NEWS

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April 11, 2008

Mustache race ends in glory, envy

The Great Mustache Race finished outside Cobb Hall on Wednesday, bringing an end to the 42-day facial hair ordeals of 12 undergraduates, with one of the losers charging a winner with witchcraft.

More than 50 students attended the ceremony. The competition, a U of C tradition that began in 1910 and ended in 1940, was resurrected by the satirical campus publication The Shady Dealer.

Each of the 26 contestants entered one of the event’s three divisions of “mustachery,” “beardmanship,” and “female facial hair.” Only 12 of the original entrants attended the judging. Contestants were required to be completely shaved on February 27 before attempting to grow facial hair as lush and voluminous as possible.

“You have seen me go from zero to hero,” said third-year math major Carmel Levy, who competed in the beardmanship contest. He described his facial hair as a “connected mutton chop arrangement” with a “soul patch”—a small inverse hair-triangle on his chin.

“I have high hopes for my candidacy as a ‘mustacher,’” Levy said before the judging.

The judges chose a loser and three finalists from each of the divisions; the audience chose each division’s winner by cheering for their favorite.

The judges consisted of three experienced facial hair growers: third-year Zach Binney—also a maroon staff writer—who sported a twirled mustache, biology professor Eric Larson, and third-year Bob Knox. Both Larson and Knox donned large beards that obscured their chins.

Levy, though he made the final three, did not win the competition. “You look like an idiot,” Binney told Levy, though he admired Levy’s effort, adding, “I like the style.”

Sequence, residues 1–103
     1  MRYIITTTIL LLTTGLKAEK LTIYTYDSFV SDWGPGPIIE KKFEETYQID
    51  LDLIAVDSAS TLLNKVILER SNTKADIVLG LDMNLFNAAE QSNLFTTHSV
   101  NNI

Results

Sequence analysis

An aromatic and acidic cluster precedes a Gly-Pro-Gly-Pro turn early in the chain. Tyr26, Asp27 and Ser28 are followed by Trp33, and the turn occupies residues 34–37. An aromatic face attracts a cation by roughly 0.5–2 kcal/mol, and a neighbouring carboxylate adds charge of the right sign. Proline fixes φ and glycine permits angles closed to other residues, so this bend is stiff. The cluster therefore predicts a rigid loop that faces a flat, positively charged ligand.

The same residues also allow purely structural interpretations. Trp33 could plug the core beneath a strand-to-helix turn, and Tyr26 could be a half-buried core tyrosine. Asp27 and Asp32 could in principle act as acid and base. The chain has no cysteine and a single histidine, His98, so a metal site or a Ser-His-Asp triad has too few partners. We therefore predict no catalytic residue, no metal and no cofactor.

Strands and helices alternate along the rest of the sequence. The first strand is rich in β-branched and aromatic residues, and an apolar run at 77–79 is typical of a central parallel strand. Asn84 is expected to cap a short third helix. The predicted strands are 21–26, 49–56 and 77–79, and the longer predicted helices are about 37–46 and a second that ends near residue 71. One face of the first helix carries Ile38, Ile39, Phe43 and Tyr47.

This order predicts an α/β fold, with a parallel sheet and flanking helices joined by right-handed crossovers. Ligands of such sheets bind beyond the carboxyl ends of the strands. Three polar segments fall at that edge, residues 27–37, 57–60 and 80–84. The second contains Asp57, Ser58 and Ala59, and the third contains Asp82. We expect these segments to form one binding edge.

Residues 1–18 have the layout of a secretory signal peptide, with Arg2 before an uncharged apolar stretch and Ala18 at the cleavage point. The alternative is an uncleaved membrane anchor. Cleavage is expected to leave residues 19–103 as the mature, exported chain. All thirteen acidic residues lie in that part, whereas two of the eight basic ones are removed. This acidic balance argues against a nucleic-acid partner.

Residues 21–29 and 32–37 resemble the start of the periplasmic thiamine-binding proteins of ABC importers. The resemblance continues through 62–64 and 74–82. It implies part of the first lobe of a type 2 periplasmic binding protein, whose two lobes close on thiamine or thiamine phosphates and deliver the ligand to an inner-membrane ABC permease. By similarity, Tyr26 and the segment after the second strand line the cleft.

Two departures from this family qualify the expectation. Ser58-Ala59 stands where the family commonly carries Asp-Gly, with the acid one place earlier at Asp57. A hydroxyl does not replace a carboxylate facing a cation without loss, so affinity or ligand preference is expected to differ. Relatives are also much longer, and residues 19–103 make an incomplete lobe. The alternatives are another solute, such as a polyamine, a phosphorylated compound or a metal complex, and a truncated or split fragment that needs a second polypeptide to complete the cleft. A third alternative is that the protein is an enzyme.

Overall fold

“Hmmmm,” Binney said, peering at fourth-year Seth Samelson’s beard.

“I like the gradation,” he said. “It’s quite impressive and full for six weeks.”

The audience chose Samelson as the winner of the beardsmanship division.

Jim Ryan won the mustache division, sporting a mustache which he claimed was in the “imperial” style—dating back to Shakespeare, he said.

The sole entrant in the female division, second-year Christopher Henderson, braved the cold in a blue skirt, skimpy blouse, black high heels, and a polka-dot shawl.

“Obviously you’re in a class by yourself,” Larson told Henderson. Henderson, a male, won both first and last prize in the female division.

Winners Henderson, Ryan, and Samelson each received a tin pail containing various facial manicuring products, including a supply of Clubman Mustache Wax.

The loser’s prize was a can of Pringles potato chips and a can of Chef Boyardee pasta. Organizers hoped that the mustached mascots of each product would inspire the losers toward stronger growths in next year’s competition.

“I suspect the winner of foul play,” Levy said, in an interview after the competition.

Samelson’s beard was “so voluptuous, so lustrous, so hairy beyond the real,” Levy said, that he suspected Samelson of supernatural intervention, “maybe some sort of magic.”

“Carmel’s allegation is a barefaced lie,” Samelson said in an e-mail interview on Thursday.

Correction: Due to a spelling error, Seth Samelson's last name was twice written as Stephenson.